During the Bush II administration, I used to groan that the closest thing we had to a concerted policy response to climate change was the federal government's slew of goodies for corn-based ethanol. It was a monumentally depressing situation, because propping up corn-derived fuel is expensive and (despite industry hype) doesn't actually do much, if anything at all, to mitigate climate change -- but contributes actively to ecological disasters like the Gulf of Mexico "dead zone." Now, two years into the Obama administration, we still have no concerted policy response to climate change, and the corn ethanol program abides, sucking …

Read more: Corn, Food, Politics


Students fight to save innovative garden-based public school in Detroit

When I visited Detroit last summer, I found it to be a place of extremes. On the one hand, a city buckling under the weight of decades of deindustrialization, white flight, and abandonment -- a city so gripped by economic malaise that it contained not even a single full-service supermarket. On the other, it also seemed a veritable beehive of community organizing, based mainly around urban agriculture. It's not hard to see why the city's community leaders have settled on urban ag. It takes two devastating problems -- a surfeit of abandoned land, a lack of grocery stores -- and …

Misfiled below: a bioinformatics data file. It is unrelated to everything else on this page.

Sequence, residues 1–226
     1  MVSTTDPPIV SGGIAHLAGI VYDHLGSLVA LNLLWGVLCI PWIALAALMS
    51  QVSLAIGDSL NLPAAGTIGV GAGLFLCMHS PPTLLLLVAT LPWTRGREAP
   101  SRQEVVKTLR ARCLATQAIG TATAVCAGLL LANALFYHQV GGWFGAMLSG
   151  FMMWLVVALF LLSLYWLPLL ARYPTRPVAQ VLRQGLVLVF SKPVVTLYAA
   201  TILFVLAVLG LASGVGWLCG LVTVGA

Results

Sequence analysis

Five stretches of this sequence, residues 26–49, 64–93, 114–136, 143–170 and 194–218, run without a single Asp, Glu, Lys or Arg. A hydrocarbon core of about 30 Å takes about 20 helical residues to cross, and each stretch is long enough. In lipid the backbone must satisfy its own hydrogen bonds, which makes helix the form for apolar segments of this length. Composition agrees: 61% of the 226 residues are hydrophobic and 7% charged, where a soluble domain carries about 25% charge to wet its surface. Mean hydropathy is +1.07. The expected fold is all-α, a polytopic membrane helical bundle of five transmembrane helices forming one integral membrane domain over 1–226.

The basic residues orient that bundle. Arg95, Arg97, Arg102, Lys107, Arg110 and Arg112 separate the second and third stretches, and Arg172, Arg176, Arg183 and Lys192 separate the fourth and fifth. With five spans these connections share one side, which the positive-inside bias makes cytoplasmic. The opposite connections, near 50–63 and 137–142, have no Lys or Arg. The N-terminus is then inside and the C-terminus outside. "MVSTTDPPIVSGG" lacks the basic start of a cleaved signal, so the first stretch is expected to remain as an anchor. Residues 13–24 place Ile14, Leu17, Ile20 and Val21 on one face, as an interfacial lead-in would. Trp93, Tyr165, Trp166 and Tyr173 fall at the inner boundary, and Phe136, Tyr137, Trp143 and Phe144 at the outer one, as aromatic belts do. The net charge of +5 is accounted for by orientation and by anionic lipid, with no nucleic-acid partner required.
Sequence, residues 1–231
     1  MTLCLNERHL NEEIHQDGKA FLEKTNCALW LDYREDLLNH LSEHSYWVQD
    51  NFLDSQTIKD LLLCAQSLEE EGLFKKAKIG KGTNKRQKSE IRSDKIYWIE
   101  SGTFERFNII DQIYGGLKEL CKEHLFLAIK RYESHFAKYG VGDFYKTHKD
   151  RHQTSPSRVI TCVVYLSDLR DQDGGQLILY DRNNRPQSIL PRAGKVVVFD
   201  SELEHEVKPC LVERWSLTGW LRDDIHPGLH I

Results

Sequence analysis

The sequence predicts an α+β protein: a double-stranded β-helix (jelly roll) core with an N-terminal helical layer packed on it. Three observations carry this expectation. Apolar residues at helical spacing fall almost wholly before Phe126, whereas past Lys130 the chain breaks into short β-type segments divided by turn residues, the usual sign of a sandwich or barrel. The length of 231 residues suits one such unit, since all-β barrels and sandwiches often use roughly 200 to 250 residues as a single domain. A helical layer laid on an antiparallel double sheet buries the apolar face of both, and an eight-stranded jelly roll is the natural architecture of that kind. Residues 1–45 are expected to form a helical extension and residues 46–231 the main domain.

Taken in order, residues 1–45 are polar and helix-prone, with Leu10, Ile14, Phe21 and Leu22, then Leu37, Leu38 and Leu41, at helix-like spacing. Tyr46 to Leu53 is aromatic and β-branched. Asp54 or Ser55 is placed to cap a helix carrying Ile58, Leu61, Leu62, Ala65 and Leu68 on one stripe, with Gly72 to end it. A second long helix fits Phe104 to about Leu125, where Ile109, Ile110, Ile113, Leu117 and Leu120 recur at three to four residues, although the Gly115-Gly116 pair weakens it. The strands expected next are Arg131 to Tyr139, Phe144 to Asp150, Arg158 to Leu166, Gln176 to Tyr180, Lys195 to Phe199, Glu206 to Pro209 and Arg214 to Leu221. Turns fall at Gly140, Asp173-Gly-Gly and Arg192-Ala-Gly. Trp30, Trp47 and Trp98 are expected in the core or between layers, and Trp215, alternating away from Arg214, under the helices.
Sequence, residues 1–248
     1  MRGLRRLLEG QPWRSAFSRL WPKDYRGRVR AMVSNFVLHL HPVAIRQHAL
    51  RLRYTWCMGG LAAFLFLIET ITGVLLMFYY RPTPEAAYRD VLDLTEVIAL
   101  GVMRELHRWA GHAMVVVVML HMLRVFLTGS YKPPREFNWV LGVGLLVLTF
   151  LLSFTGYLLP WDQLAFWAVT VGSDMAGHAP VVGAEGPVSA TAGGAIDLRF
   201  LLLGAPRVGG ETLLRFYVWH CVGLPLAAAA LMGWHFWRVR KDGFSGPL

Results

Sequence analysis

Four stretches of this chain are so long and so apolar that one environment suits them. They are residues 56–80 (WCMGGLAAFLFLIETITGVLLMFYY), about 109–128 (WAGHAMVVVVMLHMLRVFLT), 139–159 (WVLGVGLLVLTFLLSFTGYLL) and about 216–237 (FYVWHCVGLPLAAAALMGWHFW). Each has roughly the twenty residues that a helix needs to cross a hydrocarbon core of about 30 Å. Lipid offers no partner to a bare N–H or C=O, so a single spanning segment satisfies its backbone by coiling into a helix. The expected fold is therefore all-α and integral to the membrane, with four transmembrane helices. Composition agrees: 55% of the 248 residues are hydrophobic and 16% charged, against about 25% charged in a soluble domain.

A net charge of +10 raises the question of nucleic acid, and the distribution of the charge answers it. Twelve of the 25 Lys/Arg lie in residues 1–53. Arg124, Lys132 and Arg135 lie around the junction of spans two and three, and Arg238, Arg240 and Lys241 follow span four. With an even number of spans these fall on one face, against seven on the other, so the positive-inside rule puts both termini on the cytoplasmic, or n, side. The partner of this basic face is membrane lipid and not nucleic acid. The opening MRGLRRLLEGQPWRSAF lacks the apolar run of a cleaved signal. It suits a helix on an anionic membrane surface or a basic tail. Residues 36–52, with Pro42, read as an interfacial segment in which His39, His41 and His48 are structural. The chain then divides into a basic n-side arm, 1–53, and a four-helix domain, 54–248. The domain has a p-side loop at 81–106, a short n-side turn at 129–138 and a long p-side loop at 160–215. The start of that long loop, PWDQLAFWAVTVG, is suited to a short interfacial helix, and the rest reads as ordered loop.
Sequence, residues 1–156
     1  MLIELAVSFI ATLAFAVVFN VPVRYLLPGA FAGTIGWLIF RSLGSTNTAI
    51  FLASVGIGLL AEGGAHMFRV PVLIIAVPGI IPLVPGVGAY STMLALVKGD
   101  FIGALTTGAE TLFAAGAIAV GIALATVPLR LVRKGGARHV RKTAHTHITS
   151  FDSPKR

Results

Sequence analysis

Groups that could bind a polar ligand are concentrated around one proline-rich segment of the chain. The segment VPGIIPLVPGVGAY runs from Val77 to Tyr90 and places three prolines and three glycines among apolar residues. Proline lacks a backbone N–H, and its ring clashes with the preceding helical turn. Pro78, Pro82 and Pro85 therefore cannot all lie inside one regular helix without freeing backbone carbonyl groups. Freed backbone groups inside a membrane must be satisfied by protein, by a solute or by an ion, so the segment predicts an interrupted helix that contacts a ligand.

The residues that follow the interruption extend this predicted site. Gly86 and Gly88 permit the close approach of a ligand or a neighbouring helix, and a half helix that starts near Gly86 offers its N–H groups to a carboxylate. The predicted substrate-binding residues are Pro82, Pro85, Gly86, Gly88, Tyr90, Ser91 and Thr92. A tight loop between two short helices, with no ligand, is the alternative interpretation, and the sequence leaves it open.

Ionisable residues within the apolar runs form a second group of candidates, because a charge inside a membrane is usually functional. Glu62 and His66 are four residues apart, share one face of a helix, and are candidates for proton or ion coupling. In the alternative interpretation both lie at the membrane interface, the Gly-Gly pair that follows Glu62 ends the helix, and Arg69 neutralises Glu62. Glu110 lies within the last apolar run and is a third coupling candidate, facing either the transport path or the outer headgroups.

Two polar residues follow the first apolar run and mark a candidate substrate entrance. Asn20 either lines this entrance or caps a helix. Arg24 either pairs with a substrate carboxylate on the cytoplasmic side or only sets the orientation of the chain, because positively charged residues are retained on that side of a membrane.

Read more: Food, Sustainable Food


Gary Taubes’ sugar article makes an excellent case for diversifying agriculture

In last week's New York Times Magazine, the science writer Gary Taubes argues forcefully that a range of chronic health problems -- heightened rates of obesity, heart disease, and even some forms of cancer -- can be blamed on overconsumption of refined sweetener. It isn't just the surge of empty calories that sweeteners provide that's making us sick, Taubes argues; it's also -- and mainly -- the way our bodies process them. Taubes acknowledges that the science around sugar metabolism isn't fully settled. But he brings highly suggestive evidence to bear, and I find it convincing, with a couple of …


Meat Wagon: Undercover video shows sick calves getting brains bashed in with pickax, and more